Fire

Ladybird Ladybird Fly Away Home

This traditional verse relates to ladybirds, brightly colored insects commonly viewed as lucky. We’ve all heard this rhyme. There are dozens of different variations. But what does it mean?

The name ladybird contains a reference to Mary, mother of Jesus, often referred to as Our Lady. It is possibly connected with a story that after prayers for help Our Lady brought Ladybird beetle to destroy a plague of plant-destroying pests. According to other lore, farmers recite the rhyme to save the insects who do them this service before setting fire to stubble fields.

The English version has been dated to at least 1744. The verse has several popular forms, including:

Ladybird, ladybird fly away home,
Your house is on fire and your children are gone,
All except one, and her name is Ann,
And she hid under the baking pan.

A shorter, grimmer version concludes:

Your house is on fire,
Your children shall burn!

Among children, it is common to place the ladybird on their hand or blow it from their clothing and make a wish while reciting the rhyme. My favorite variation is this one, written early in the 19th century:

Lady-bird, Lady-bird, fly away home,
The field mouse is gone to her nest,
The daisies have shut up their sleepy red eyes
And the birds and the bees are at rest

Because of the religious connotation, one speculation would date the rhyme back to the 16th century and have it sung as a warning at a time when there was legislation against Catholics.

More variations include the following:

Ladybird, ladybird, fly away home,
Your horse is on foot, your children are gone;
All but one, and that’s little John,
And he lies under the grindle stone.

Dowdy-cow, dowdy-cow, ride away heame,
Thy house is burnt, and thy bairns are tean.

Marybug, fly away,
your house is on fire,
your wee mother weeps

Sky-winger, fly away,
your house is in flames,
your children together in tears

This info came from wikipedia. You can find an infographic with the different varieties of ladybird insects at Totally Random, and some nice ladybug pictures at Way Cool Pictures.

If you are interested in Ladybugs, you can check out this detailed post about Ladybug Totems and Guides, and a crazy Ladybug Toothache Cure.

Gibil

From the Fifty Names of Marduk in the Necronomicon Spellbook.

GIBIL

The Forty-Sixth Name is GIBIL.

This Power has been given the Realm of the Fire and the Forge. He keepeth the sharp point of the Sword and the Lance, and giveth understanding in the working of metals. He also raises the Lightning that comes from the Earth, and maketh Swords to appear in the Sky. His Word is BAALAGNITARRA.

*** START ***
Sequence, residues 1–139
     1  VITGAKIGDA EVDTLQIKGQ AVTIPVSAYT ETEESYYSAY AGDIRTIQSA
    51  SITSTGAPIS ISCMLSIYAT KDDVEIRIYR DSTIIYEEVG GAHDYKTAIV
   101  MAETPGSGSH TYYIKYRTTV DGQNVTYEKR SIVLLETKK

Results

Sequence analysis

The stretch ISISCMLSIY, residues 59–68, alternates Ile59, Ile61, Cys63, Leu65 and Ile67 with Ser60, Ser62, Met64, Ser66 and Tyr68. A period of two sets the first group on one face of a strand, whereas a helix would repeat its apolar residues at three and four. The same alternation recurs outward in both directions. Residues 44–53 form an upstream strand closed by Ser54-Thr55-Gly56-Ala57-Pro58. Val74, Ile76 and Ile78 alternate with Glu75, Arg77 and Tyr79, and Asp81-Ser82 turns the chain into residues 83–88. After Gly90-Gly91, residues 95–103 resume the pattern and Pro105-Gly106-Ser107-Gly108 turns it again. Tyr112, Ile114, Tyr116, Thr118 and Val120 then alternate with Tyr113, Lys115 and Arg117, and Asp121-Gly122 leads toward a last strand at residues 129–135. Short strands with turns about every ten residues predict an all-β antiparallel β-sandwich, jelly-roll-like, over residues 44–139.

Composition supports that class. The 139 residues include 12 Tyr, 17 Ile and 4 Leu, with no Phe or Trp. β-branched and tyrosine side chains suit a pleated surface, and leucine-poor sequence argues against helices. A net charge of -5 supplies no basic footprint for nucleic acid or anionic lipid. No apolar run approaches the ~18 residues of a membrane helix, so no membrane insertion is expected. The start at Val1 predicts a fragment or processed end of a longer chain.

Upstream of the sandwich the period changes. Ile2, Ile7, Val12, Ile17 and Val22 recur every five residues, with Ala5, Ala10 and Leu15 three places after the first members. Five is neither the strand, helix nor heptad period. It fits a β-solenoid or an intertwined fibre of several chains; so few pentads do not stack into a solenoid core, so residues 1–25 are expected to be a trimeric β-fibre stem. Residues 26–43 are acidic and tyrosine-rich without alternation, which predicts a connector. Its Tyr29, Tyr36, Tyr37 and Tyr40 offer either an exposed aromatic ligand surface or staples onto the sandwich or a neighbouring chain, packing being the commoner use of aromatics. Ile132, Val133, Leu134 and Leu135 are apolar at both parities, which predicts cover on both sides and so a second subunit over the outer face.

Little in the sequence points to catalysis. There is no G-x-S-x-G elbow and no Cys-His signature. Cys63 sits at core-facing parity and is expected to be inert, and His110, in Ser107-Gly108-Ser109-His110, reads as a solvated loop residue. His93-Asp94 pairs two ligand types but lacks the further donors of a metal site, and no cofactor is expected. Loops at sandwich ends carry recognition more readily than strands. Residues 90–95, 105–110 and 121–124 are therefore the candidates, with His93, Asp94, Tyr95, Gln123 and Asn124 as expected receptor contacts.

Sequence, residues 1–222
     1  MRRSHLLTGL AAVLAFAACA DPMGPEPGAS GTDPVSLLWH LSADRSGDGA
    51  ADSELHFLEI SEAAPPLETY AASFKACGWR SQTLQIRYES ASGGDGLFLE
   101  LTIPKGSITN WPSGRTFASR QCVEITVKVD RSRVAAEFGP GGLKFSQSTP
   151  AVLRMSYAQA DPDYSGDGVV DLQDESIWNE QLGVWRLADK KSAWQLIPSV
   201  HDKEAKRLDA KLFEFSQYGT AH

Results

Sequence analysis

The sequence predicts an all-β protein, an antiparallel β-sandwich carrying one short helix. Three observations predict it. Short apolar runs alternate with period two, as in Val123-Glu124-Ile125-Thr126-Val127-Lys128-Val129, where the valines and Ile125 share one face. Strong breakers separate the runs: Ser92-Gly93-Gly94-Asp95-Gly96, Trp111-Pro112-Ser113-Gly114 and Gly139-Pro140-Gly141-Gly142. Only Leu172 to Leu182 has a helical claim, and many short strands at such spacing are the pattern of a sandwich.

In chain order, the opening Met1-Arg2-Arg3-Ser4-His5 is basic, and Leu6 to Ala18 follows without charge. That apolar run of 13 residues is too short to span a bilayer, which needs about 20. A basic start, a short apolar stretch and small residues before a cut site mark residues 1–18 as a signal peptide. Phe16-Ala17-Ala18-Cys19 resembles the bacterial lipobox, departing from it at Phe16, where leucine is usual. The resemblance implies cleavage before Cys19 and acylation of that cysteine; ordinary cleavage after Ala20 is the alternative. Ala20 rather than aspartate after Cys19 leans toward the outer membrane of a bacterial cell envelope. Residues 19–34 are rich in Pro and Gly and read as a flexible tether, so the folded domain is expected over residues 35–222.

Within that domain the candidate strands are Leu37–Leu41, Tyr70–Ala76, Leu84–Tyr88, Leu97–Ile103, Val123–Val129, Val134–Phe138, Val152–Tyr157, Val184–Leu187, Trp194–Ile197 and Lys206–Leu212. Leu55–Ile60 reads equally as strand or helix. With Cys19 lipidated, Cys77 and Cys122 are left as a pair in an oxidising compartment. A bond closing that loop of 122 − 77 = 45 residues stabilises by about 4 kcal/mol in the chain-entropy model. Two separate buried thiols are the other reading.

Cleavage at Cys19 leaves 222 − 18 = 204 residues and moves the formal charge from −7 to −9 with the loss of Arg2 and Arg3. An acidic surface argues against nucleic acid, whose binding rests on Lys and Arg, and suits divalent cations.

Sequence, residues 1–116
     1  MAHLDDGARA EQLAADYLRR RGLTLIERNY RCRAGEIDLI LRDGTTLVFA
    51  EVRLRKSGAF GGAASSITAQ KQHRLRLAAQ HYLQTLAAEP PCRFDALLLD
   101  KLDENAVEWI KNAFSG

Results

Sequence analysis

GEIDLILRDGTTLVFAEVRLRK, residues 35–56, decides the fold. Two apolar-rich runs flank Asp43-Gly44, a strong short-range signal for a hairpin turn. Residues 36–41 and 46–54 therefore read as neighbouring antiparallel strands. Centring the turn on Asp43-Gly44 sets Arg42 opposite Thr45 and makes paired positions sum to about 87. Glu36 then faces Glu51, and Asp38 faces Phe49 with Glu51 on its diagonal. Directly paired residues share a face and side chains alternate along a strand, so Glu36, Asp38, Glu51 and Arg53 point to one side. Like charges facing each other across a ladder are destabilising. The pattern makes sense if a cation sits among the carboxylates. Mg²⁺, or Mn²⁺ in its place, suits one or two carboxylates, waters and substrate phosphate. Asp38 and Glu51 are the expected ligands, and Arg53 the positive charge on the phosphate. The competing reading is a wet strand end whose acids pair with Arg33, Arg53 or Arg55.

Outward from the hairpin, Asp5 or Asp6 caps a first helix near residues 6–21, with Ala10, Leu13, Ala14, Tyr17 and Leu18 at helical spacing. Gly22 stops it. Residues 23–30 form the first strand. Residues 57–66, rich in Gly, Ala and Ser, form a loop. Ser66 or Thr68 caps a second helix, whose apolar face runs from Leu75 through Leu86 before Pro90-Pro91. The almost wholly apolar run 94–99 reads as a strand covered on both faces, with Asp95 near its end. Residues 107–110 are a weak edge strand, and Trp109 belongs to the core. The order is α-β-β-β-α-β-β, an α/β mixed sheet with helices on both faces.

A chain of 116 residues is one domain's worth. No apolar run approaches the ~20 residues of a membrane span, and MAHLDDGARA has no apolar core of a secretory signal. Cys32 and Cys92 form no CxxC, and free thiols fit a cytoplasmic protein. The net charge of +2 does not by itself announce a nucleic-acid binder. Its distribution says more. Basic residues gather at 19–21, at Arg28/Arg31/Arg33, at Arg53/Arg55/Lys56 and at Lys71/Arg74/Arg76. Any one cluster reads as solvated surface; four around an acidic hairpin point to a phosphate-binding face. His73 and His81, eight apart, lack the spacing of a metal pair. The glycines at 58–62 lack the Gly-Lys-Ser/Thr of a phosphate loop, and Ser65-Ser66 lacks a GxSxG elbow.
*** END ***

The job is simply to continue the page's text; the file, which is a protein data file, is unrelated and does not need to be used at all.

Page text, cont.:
According to the esoteric teaching, this Spirit initiates the magician into the processes of self-knowledge, refining those base components of ourselves that remain secret even to us, or are revealed through the costly process of psychotherapy and analysis. Helps you to understand why you are the victim of passions and urges you cannot control, and how to eventually control them. Worth the trouble involved to invoke for the serious student.

Important note:

“The Signs and Powers may be summoned after the Priest has ascended to that step on the Ladder of Lights and gained entrance to that Sacred City. The Signs should be engraved on parchment or sealed in clay and placed upon the altar at the Calling. And in the perfumes should be of cedar, and strong, sweet-smelling resins. And the Calling be to the North.”

More information:

According to Sumerian mythology, Marduk was the God who defeated the Ancient Ones long before the creation of matter as we know it.

COUVERTURE THE WAR OF GODS AND MEN MARDUK Z SITCHIN BEAR AND COAgainst him in battle were the fierce TIAMAT, KINGU, and AZAG-THOTH. Once he had destroyed these demons, he created the universe from the flesh of TIAMAT, and humanity from the blood of KINGU mixed with his own breath.

You will come across these names in the description of the Fifty Names, which were titles given to Marduk by the Elder Gods after he had helped them to defeat the Ancient Ones.

Related links:

 

Asaruludu

From the Fifty Names of Marduk in the Necronomicon Spellbook.

ASARULUDU

The Seventh Name is ASARULUDU.

Wielder of the Flaming Sword, oversees the Race of Watchers at the bidding of the Elder Gods. He ensures the most perfect safety, especially in dangerous tasks undertaken at the behest of the Astral Gods, his Word is BANMASKIM.

Like the Angel in Genesis, this Spirit protects a place, a home or temple, from negative psychic and magickal attacks. Like the Sixth Spirit, merely the pronunciation of his Word BANMASKIM is sufficient to dispel hostile influences when shouted to the four quarters. Maskim and Rabisu are the names of ancient Sumerian demons.

Important note:

“The Signs and Powers may be summoned after the Priest has ascended to that step on the Ladder of Lights and gained entrance to that Sacred City. The Signs should be engraved on parchment or sealed in clay and placed upon the altar at the Calling. And in the perfumes should be of cedar, and strong, sweet-smelling resins. And the Calling be to the North.”

More information:

According to Sumerian mythology, Marduk was the God who defeated the Ancient Ones long before the creation of matter as we know it.

COUVERTURE THE WAR OF GODS AND MEN MARDUK Z SITCHIN BEAR AND COAgainst him in battle were the fierce TIAMAT, KINGU, and AZAG-THOTH. Once he had destroyed these demons, he created the universe from the flesh of TIAMAT, and humanity from the blood of KINGU mixed with his own breath.

You will come across these names in the description of the Fifty Names, which were titles given to Marduk by the Elder Gods after he had helped them to defeat the Ancient Ones.

Related links:

 

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